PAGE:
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How to

How to layer up for winter running

Two runners wear multiple layers and apparel to prepare for a winter run.
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Winter running doesn't have to be dreadful. I promise. In this article, we'll cover how to stay warm (but not too warm), and also dry, comfortable, and safe on a cold and blustery day.

Don't bundle up too tightly

There's an old Scandinavian proverb that says there's no bad weather, only bad clothing choices. Surprisingly, more people overdress than underdress in the winter. But, thinking you'd rather be too warm than too cold might be your biggest regret if you're running outside. A general rule of thumb is to dress like it's 15 to 20 degrees warmer than what the thermometer reads. Your body will warm up as you begin moving.

Besides staying warm, it's equally important to stay dry. Dressing too warmly can often lead to excess sweating. If you're out for more than 20 minutes, this can create discomfort and lead to you being even colder. So, how do we find the happy medium?

Layering, top to bottom

Comfy winter running is all about layering appropriately. Choosing the proper materials and stacking them in the right order (only superheroes wear their underwear on the outside) helps us accomplish ideal conditions for warmth, comfort, and dryness for great winter running.

  • Base layer: The idea behind a base layer is to pull moisture away from your body. This layer should be light and moisture-wicking. While old-school wool is an option, many runners opt for quick-dry synthetics.
  • Middle layer: This layer will help trap body heat and create an air barrier to keep you warm. Mid-layers are often made from down, synthetic down, or merino wool.
  • Outer layer: The outer layer should be at least water-resistant, but preferably waterproof. The purpose of a waterproof shell is to keep the snow, sleet, or fog from soaking in. It also serves as a barrier to keep the biting, cold wind from penetrating through your inner layers.

Wondering what to wear on the bottom? Fleece-lined tights will help keep your legs warm. We recommend tights over pants, as they are less likely to cause any friction or chafing. Another simple, yet effective tip is to tuck your base layer into your tights for added warmth and to reduce any draft.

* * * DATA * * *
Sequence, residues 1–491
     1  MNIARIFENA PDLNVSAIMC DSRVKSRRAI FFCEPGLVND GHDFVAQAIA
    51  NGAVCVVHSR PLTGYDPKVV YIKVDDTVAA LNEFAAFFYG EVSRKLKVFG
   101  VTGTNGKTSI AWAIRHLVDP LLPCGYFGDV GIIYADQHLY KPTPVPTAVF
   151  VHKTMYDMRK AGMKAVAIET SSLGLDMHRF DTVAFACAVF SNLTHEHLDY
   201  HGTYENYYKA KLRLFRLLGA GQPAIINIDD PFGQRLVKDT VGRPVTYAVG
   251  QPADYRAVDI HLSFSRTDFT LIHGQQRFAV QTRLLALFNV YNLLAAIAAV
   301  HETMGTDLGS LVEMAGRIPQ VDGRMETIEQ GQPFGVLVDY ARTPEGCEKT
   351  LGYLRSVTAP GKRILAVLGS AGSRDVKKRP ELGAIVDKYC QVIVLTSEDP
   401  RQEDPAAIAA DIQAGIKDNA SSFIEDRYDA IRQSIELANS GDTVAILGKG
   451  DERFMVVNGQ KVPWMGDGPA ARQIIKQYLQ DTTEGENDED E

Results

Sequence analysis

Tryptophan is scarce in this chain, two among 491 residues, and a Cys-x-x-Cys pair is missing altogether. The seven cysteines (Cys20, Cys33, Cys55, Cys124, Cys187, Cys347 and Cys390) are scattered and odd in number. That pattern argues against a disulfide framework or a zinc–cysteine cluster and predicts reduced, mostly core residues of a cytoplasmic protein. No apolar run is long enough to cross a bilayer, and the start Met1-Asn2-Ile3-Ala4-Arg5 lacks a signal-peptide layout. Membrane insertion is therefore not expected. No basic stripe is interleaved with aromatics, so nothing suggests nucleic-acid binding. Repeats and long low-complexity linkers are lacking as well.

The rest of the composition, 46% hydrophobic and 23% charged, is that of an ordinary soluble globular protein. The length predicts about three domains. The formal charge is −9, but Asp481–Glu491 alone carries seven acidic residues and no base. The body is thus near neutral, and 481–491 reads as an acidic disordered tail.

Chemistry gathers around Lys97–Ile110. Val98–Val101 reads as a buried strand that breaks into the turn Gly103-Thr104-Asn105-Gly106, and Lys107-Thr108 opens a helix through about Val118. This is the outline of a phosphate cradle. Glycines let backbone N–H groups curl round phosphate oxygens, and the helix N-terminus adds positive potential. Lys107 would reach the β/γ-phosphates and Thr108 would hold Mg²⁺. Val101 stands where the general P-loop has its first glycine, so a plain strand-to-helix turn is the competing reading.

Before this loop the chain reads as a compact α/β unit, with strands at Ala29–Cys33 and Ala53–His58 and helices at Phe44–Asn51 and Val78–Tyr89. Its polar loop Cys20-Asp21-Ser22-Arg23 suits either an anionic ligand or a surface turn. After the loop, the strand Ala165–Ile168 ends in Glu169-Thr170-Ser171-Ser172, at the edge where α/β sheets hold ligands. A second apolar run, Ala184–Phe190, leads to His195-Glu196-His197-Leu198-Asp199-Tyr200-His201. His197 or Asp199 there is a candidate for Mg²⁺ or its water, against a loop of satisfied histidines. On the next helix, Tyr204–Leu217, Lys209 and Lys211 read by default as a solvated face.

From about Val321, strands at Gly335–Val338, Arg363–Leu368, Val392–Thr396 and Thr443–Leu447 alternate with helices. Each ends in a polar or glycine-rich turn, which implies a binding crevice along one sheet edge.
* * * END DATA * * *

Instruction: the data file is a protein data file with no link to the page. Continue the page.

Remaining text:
Two runners wear multiple layers and apparel to prepare for a winter run.

Choosing the right apparel for winter running doesn't have to be complicated. Read on to learn some simple tips to help keep you warm, dry, and safe.

Head, shoulders, knees, and toes (and ears and fingers)

It's important to keep your extremities toasty. Your body is designed to keep your important organs warm in the cold by sending blood to your core rather than your hands and feet. Fight off frostbite with some key accessories:

  • Gloves or mittens: When you run, your hands are usually more exposed to the elements. Fleece-lined gloves with a waterproof outer layer will help keep your fingers from tingling. If it's extremely cold or your hands are prone to freezing and chapping, consider mittens — the extra room allows your digits to help spread warmth to each other.
  • Warm socks: We recommend running in merino wool socks, as they will help trap heat especially well. The material also does not easily absorb moisture, helping your feet stay dry. And wool gets bonus points for its ability to fight stinky odors.
  • Ear protection: You'll want to consider a headband or hat to keep your ears warm. Hats also help trap more body heat overall.

Last but not least, it's important to consider safety beyond cold protection. Winter brings earlier sunsets and less daylight. Chances are you're going to be running in the dark. When choosing apparel for your winter running, consider options that have reflective hits. You may even want to wear a headlamp or attach a blinking light to your body so you can both see and be seen.

Layering up properly can seem daunting when you're still inside holding a mug of hot chocolate, but the brisk air of a crisp, snowy day can make running a joy. Put safety first, and you'll be cruising along until spring.

Our writer's advice is intended for informational or general educational purposes only. We always encourage you to speak with your physician or healthcare provider before making any adjustments to your running, nutrition, or fitness routines.

Written By
Tim Kelly

Marathon Runner & Coach

Tim Running

Ohio native that loves travel, gardening, and helping people do more with their running than they thought possible. 8+ years as a running coach. 12 years as a runner and cyclist.